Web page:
Living with the Wolfman
What parents need to know
Parents Need to Know
Parents need to know that the animal experts in this series interact closely with a pack of wolves, often playing, hugging, and nuzzling the animals. Though the humans usually appear at ease with the wolves, the series plays up the ever-present potential for danger. Occasionally the humans do suffer minor injuries (for example, when they feed cubs by mouth), but they're quick to remind viewers that the animals' actions are normal. Young kids may be upset or confused by the wolves' behavior or close shots of them baring their teeth, but families with older kids will learn a lot from this informative series. Even so, be sure to follow up with reminders about never approaching strange animals and rules for interacting with friendly ones.
What's the story?
For years, British wolf expert Shaun Ellis has lived among a pack of wolves at a wildlife park in England to research their behavior and ultimately be accepted as part of their pack. Now the rugged animal lover faces two new challenges: balancing his affection for his wolf "family" with his love for girlfriend Helen Jeffs and successfully integrating her into the pack as well. LIVING WITH THE WOLFMAN follows Shaun and Helen's journey to acceptance by their furry friends, and this unique couple proves they're up to the challenge -- even if it means sacrificing basic creature comforts like soap, learning to speak in growls, and adapting to a meaty diet worthy of their canine friends.
Is it any good?
Living with the Wolfman is unique among wildlife series. Not only do Shaun and Helen study these animals who, despite being bred in captivity, certainly aren't domesticated, but they also actually attempt to coexist with them on the wolves' terms. They're not objective observers, but there's no desire to train the animals; instead, Shaun uses the knowledge he's gleaned from being part of the pack to train Helen to think and act like a wolf. They put the animals in a position of power and adapt every aspect of their lifestyle to suit them.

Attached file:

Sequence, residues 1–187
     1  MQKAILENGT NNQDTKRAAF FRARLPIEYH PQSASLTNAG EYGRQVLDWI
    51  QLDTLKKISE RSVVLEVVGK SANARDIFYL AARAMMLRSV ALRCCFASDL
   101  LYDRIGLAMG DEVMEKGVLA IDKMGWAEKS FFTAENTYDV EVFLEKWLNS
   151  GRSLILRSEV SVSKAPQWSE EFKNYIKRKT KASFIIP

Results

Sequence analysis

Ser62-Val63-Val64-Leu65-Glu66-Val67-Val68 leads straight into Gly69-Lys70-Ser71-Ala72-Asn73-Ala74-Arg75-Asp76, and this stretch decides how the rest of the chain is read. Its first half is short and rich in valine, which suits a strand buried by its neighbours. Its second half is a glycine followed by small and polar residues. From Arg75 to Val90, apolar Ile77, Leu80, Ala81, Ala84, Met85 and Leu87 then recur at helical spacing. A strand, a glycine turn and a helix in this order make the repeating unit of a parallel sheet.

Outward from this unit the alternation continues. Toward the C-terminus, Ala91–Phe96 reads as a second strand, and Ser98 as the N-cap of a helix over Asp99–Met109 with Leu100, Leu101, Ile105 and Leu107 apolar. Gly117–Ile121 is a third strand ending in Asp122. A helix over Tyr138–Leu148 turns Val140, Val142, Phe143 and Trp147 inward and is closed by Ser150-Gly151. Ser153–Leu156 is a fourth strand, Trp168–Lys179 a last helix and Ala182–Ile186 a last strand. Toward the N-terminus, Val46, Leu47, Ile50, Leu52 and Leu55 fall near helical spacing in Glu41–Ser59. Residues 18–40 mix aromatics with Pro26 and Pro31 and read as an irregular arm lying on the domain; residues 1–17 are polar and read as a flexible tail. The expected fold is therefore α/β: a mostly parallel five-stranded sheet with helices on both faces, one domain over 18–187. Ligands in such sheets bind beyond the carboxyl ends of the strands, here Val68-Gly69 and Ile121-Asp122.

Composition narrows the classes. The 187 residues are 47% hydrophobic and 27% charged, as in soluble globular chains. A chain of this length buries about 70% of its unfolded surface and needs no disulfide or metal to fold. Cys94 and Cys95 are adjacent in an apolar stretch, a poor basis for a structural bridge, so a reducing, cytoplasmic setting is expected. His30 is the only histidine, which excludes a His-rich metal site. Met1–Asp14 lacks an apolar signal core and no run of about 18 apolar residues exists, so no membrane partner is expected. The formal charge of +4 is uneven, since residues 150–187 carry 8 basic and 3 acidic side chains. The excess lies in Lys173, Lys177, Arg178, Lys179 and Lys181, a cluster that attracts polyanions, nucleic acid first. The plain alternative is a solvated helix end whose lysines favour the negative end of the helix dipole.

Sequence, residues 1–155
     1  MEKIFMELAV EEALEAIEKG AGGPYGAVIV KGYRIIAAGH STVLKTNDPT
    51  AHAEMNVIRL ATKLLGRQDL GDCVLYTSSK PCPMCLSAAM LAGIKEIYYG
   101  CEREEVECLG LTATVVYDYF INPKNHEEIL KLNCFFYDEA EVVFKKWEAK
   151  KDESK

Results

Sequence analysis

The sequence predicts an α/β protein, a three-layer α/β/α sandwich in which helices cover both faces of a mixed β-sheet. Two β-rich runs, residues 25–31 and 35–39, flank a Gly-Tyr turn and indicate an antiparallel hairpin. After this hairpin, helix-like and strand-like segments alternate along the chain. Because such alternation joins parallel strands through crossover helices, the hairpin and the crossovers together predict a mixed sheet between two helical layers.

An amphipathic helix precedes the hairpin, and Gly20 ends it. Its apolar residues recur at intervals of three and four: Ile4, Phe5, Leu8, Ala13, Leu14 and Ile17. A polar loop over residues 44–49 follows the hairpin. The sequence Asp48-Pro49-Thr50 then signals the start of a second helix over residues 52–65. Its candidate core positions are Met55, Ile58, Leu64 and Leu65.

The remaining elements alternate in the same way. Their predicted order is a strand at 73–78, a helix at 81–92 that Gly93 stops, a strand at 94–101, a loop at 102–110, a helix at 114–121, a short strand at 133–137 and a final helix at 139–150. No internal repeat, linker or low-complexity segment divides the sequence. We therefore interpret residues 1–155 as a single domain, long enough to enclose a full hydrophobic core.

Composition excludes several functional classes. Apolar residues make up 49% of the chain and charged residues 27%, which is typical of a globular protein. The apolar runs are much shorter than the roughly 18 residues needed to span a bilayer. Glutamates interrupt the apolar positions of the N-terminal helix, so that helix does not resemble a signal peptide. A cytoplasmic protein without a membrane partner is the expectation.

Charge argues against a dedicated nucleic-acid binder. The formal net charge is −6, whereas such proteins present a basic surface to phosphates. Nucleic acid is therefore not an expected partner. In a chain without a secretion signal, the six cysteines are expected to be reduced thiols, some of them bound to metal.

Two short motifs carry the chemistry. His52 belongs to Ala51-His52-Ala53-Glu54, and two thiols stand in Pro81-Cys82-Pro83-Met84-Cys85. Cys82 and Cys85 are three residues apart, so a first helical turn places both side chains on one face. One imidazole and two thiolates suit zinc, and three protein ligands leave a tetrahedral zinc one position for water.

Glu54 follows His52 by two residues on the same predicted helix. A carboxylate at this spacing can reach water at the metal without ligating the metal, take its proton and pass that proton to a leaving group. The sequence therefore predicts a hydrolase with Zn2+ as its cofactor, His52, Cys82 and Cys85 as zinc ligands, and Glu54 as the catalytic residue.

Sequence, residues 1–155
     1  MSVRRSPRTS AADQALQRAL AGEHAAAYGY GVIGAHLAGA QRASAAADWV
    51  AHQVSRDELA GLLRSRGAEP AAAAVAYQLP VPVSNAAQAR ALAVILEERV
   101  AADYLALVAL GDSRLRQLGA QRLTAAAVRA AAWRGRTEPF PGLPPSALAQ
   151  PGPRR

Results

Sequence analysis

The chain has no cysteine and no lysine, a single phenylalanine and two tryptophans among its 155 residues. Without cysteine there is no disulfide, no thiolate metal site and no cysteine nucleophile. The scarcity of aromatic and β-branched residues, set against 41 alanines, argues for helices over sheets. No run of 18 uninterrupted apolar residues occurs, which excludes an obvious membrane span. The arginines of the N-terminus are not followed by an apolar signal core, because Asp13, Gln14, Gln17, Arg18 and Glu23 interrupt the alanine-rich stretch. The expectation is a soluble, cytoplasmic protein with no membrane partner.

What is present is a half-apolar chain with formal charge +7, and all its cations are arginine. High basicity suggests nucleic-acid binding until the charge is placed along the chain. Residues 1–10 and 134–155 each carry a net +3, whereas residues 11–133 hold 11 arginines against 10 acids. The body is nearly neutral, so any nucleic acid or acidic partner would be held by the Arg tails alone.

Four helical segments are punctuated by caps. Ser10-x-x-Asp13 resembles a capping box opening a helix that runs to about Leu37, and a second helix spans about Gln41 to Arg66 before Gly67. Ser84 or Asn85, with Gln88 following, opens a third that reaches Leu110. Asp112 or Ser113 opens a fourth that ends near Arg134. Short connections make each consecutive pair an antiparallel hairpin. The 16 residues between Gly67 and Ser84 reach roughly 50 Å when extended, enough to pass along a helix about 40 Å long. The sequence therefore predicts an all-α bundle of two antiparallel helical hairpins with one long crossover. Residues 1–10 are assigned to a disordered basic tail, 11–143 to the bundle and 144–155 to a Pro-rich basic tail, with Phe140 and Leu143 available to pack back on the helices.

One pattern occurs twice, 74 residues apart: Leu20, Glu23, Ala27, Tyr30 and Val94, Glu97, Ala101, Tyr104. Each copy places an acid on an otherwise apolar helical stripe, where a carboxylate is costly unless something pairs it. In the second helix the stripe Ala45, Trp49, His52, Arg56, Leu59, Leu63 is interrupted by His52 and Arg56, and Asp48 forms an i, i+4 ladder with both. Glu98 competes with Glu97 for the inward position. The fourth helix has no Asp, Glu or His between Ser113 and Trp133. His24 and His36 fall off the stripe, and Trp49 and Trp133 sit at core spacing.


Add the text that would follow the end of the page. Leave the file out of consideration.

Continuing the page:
The show's only real flaw (aside from perhaps giving kids some romanticized notions about wolves) is that it sometimes seems to lack direction, transitioning rather awkwardly between stories of Shaun and Helen's relationship and content about the animals. That aside, families will be inspired by the depth of Shaun and Helen's affection for their furry family members and will gain a new respect for these animals and the intricacies of pack society. It's most appropriate for tweens and up; younger kids will likely be confused and/or frightened by some of the behavior they see from animals and humans alike.
Families can talk about...
Families can talk about wolf behavior. In what ways does the animals' behavior in this series surprise you? How were your impressions of wolves changed by what you saw? Do you think this show gives an accurate view of how these animals behave in the wild? How do you think their human interaction changes them? What measures do Helen and Shaun take to ensure that the wolves' primal instincts aren't affected by their presence? Do you think they do enough in that regard? Why isn't it safe for just anyone to behave the way they do around wolves?